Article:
[A recap article today due to family reasons. This was originally published on electroverse.net on Sept 6, 2020.]
Nils-Axel Mörner is the former head of the paleogeophysics and geodynamics department at Stockholm University. He retired in 2005 and since has dedicated his days to disproving the IPPC’s thermageddon nonsense while also warning of a coming Grand Solar Minimum.
Between 1997-2003, Mörner chaired an INTAS project on Geomagnetism & Climate — a project concluding that by the middle of the 21st century the Sun would be in a new solar minimum and Little Ice Age climatic conditions would prevail on Earth.
These conclusions were quite straightforward, writes Mörner, and were included in a Special Issue of PRP:
“Obviously we are on our way into a new grand solar minimum. This sheds serious doubts on the issue of a continued, even accelerated, warming as proposed by the IPCC project.”
This quite innocent, logically and honest account made the publisher take the remarkable step of closing down the entire scientific journal. This censorship gave rise to turbulence and objections within the scientific community, but it didn’t stop Mörner, who kept publishing scientific works regarding the impending GSM.
In 2015, Mörner’s “The Approaching New Grand Solar Minimum and Little Ice Age Climate Conditions” was published. The paper suggests that by 2030-2040 the Sun will experience a new grand solar minimum.
This is evident from multiple studies of quite different characteristics, writes Mörner:
“The phasing of sunspot cycles, the cyclic observations of North Atlantic behavior over the past millennium, the cyclic pattern of cosmogenic radionuclides in natural terrestrial archives, the motions of the Sun with respect to the center of mass, the planetary spin-orbit coupling, the planetary conjunction history, and the general planetary-solar-terrestrial interaction.”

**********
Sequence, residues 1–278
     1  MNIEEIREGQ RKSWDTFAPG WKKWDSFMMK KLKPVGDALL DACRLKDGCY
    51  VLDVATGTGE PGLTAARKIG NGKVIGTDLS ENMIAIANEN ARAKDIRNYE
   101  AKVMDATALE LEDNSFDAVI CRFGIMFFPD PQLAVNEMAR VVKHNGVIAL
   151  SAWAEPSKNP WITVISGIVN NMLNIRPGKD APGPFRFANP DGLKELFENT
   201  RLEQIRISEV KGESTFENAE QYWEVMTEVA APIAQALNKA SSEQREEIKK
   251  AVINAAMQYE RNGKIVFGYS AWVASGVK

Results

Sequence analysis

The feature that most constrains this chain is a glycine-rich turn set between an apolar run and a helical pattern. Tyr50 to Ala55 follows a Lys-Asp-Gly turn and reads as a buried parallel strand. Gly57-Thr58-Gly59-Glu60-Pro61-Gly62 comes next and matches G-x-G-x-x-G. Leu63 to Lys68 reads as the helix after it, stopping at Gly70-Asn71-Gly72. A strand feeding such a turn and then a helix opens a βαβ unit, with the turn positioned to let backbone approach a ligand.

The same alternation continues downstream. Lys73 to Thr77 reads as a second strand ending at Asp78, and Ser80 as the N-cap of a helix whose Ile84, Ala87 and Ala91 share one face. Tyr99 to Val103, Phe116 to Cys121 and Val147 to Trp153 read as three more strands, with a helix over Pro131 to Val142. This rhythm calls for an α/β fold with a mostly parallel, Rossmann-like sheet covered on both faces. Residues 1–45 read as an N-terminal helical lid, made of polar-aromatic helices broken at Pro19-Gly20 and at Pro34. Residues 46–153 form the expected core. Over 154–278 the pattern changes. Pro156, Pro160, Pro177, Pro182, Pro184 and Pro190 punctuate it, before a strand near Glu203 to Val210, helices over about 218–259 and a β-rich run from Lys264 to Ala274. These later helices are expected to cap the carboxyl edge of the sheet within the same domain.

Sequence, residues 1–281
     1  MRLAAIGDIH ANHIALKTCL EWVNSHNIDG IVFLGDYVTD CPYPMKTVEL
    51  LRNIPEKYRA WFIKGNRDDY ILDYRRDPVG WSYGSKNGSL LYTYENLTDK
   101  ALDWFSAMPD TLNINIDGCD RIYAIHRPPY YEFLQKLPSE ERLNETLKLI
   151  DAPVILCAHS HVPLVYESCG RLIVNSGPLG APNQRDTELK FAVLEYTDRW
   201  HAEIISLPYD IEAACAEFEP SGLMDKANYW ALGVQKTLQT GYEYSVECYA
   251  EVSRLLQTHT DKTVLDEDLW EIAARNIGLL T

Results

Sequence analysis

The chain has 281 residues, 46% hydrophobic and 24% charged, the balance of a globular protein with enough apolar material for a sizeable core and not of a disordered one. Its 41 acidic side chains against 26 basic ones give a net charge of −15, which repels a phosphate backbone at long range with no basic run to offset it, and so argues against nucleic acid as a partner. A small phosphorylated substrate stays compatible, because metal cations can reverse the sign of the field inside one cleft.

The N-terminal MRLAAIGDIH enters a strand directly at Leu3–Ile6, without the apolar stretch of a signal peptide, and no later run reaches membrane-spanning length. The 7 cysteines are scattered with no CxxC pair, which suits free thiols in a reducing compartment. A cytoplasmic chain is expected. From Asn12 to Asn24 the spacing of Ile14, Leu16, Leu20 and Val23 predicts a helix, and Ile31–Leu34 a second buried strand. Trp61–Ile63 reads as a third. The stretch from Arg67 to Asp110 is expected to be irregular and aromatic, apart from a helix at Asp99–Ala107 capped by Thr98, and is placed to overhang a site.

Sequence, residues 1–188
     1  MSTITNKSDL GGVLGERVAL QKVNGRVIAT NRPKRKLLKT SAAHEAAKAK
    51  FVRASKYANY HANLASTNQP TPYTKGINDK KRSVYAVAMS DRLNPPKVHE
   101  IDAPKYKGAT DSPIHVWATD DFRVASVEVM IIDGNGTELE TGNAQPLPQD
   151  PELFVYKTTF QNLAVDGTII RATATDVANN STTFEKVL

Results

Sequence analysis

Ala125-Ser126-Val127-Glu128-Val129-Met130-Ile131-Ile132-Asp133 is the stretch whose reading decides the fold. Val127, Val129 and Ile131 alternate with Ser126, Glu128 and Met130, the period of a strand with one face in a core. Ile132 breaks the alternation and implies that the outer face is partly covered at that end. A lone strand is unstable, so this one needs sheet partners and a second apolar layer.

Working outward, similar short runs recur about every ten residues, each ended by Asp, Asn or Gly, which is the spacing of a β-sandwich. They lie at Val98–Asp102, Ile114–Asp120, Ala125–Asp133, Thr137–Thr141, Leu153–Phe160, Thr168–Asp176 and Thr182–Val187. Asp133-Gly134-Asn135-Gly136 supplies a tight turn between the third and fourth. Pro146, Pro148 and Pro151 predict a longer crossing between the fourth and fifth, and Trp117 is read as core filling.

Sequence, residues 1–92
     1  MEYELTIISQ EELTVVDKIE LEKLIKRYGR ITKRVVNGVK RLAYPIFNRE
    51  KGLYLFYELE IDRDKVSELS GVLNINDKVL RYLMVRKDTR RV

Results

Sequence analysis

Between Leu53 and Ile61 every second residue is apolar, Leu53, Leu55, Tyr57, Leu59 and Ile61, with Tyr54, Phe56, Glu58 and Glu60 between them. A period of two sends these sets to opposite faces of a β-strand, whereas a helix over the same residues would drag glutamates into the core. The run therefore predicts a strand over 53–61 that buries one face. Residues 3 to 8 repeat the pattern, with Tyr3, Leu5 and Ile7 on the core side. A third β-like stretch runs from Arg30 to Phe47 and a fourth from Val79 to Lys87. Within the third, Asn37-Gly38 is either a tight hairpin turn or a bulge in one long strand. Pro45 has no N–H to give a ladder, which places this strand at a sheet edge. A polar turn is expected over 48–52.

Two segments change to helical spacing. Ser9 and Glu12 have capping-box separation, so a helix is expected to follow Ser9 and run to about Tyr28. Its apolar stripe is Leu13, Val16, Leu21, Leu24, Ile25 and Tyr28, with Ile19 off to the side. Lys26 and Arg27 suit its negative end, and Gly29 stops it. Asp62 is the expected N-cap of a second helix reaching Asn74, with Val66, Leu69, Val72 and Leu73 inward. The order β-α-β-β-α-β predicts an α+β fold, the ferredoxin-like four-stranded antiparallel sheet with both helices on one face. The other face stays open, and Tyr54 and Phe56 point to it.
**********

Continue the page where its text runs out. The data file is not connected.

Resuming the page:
During the previous grand solar minima—i.e. the Spörer Mini-mum (ca 1440-1460), the Maunder Minimum (ca 1687-1703) and the Dalton Minimum (ca 1809- 1821)—the climatic conditions deteriorated into Little Ice Age periods.
Salvador presented a mathematical model of the sunspot cycles based on Wilson’s tidal-torque model–above.
Salvador’s model had an 85% correlation with the sunspot numbers observed for 1749-2013, and made “a reasonable representation of the sunspot cycles for the past 1000 yr.”
Therefore, it justified an extrapolation for the next century:
The prediction gives an extended low up to 2160 with the lowest values reached within the period 2028-2042; i.e. just where we expect the New Grand Solar Minimum to occur.
In 2015, Salvador extended his analysis over the last 4000 years, comparing his model with the observed 10Be variations:
The phasing of the solar cycles gives a clear message for the middle of the century: there will be a New Grand Solar Minimum. The same message is seen when we consider the cyclic relations between Earth’s rotation, ocean circulation, and Arctic climate, too.
During the last three grand solar minima—the Spörer, Maunder and Dalton Minima—global climate experienced Little Ice Age conditions. Arctic water penetrated to the south all the way down to Mid Portugal, and Europe experienced severe climatic conditions. The Arctic ice cover expanded significantly.
“We now seem to be in possession of quite convergent data indicating that we, by 2030-2040, will be in a New Grand Solar Minimum which, by analogy to past minima, must be assumed will lead to a significant climatic deterioration with ice expansion in the Arctic.”
The mathematical model by Salvador seems to provide an excellent tool for the prediction of future sunspot variations.
All this precludes a continual warming as claimed by the IPCC. Instead of this, concludes Mörner, we are likely to face a new Little Ice Age.